The possibilities are endless; easily transported, reconfigurable and rapidly deployed, pop-up offices are designed for short term use, atypical applications such as outdoor festivals or disaster relief situations, or start-ups looking for modest office space. With the playful use of materials, lighting and furniture components, each module is made distinct, while being easily reconfigured to fit individual needs. Stripping away the superfluous, the POP-UP Office embodies adaptability—the space itself morphs in conjunction with workplace needs.
Boston-based architecture firm NADAAA designed the residence above in the Modernist style, but using lots of wood where I'd have expected concrete and glass, if I'd only seen line drawings. What most caught my eye are the subtle ways they've chosen to detail the otherwise plain boards:
I wanted to see more, but photos of the property are sparse. On NADAAA's website, however, they've got more innovative takes on wood construction, like their interesting Oro Bookshelf. A traditional bookshelf has a panel on the back that squares up the frame, but NADAAA wanted a pass-through bookshelf, meaning they needed to build extra strength into the corners. And rather than shoring them up with traditional joinery, they incorporated these bent plywood braces:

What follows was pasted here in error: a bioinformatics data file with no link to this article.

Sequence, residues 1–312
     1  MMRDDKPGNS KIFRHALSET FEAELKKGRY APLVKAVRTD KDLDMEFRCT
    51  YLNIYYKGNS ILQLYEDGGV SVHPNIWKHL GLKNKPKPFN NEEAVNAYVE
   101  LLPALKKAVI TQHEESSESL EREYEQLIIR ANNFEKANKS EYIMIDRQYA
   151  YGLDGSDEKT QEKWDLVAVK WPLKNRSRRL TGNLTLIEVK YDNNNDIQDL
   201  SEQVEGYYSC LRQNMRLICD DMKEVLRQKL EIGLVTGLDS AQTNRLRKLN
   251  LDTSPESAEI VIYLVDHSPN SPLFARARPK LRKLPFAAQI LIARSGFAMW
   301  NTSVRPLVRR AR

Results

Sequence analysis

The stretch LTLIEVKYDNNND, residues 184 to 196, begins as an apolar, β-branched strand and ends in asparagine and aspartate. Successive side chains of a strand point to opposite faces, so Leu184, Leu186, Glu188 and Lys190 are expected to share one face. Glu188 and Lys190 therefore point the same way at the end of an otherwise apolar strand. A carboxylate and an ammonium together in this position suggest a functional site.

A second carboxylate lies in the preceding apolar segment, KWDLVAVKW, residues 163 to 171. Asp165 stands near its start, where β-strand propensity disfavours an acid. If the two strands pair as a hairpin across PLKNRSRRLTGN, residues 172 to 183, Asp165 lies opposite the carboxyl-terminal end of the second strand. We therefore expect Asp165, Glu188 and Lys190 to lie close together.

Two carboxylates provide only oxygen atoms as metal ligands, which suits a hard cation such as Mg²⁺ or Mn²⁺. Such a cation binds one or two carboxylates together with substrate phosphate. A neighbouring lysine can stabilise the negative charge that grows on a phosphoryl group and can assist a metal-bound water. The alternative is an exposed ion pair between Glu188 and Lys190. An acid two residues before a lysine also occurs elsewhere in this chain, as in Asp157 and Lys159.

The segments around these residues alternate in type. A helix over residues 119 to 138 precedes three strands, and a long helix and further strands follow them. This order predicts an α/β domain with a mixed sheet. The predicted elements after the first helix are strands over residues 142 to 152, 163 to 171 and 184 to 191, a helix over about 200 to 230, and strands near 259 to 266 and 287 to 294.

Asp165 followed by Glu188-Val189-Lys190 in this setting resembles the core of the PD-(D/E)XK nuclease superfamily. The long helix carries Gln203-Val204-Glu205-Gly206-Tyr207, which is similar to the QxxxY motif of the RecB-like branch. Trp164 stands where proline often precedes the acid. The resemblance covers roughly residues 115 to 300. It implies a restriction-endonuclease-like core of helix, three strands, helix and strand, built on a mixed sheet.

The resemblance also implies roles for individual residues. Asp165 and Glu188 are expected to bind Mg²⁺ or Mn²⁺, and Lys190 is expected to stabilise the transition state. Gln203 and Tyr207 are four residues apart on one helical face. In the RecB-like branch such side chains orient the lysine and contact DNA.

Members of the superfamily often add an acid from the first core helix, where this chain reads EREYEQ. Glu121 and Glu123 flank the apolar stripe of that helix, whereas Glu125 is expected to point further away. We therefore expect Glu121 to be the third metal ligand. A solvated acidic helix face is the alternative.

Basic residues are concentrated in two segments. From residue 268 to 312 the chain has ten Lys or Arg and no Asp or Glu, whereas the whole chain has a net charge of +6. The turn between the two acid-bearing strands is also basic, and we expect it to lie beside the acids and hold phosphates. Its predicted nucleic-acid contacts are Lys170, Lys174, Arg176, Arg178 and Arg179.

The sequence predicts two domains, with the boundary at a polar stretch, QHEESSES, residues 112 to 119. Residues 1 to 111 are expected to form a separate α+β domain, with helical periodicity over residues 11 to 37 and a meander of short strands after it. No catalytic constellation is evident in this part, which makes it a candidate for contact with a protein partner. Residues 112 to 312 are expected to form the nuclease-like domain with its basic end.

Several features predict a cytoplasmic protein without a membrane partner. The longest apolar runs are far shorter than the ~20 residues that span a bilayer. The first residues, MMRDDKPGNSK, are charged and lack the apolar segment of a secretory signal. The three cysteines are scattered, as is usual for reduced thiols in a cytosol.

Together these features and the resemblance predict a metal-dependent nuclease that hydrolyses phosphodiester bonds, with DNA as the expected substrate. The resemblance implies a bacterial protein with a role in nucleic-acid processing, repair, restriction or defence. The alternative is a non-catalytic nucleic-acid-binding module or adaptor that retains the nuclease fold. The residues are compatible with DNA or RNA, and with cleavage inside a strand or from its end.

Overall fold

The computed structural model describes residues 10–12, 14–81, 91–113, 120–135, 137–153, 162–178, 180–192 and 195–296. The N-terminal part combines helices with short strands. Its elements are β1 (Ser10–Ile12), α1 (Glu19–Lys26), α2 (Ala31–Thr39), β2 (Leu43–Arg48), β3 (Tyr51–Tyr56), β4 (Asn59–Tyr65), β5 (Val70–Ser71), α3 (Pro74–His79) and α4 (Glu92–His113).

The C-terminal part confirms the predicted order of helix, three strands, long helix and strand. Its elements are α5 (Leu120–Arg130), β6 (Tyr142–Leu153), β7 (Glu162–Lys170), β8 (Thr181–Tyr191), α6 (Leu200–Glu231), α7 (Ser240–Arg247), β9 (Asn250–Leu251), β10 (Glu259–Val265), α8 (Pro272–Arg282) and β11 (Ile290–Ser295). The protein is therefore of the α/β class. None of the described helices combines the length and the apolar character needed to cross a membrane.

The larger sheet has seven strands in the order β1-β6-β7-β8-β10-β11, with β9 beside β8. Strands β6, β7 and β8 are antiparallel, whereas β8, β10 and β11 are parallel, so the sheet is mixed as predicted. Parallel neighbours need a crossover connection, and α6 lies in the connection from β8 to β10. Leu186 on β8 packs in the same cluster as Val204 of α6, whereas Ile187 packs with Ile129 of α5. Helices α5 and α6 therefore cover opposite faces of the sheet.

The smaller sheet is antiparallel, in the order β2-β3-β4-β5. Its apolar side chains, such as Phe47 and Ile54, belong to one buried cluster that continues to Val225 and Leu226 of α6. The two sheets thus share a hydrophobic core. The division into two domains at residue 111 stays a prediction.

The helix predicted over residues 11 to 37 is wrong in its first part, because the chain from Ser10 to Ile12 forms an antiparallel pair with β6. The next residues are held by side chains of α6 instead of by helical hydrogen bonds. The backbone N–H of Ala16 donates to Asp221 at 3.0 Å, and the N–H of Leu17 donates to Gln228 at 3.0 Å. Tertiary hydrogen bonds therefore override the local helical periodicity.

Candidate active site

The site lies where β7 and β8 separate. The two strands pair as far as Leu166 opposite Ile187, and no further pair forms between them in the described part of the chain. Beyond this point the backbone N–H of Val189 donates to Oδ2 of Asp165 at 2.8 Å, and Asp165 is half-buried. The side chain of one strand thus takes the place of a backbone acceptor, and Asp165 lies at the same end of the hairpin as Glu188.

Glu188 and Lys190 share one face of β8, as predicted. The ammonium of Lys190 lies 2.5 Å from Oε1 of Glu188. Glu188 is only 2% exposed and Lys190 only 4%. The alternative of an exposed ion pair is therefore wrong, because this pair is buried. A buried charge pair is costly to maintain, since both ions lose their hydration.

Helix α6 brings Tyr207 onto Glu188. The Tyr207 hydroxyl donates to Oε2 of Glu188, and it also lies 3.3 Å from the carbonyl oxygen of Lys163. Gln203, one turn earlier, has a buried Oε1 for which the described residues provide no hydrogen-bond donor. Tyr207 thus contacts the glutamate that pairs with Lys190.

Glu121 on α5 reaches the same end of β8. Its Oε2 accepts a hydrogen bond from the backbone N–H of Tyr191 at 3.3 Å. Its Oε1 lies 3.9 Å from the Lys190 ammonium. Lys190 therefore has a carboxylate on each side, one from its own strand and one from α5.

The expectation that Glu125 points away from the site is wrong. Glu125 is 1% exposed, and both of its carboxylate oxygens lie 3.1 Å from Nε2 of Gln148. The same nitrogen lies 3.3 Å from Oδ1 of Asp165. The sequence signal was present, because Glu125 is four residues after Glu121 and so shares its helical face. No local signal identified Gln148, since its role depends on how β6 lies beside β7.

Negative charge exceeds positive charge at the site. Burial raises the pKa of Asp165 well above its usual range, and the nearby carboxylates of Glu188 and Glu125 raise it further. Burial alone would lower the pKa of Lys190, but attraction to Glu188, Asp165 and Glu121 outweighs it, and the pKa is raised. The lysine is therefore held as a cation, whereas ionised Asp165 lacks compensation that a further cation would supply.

The NYC Mayor's Office has just announced the winner of the adAPT NYC design competition, which sought designs for liveable micro-apartments. nARCHITECTS' "My Micro NY" design, which specifies modular units from 250 to 370 square feet, has beaten out 33 other submissions to take the top prize. A building assembled from 55 of these units will be erected in Manhattan at an unspecified date in the future, and when it does, it will be Manhattan's first multiunit modular building.
Imagine you had to build four towers, one of them nearly the tallest in Manhattan, on top of nearly a dozen active train tracks—without disrupting the daily train traffic. That's the challenge faced by Brookfield Properties, the developers of the Manhattan West project a block west of Penn Station, and their team: The architecture firm of Skidmore, Owings & Merrill, mechanical engineering firm Laros, Baum & Bolles and railroad & civil engineering outfit Parsons Transportation.
Here's the wicked proposed solution:
I found the proposal fascinating, even as I asked myself: Who the hell wants to live in the west 30s?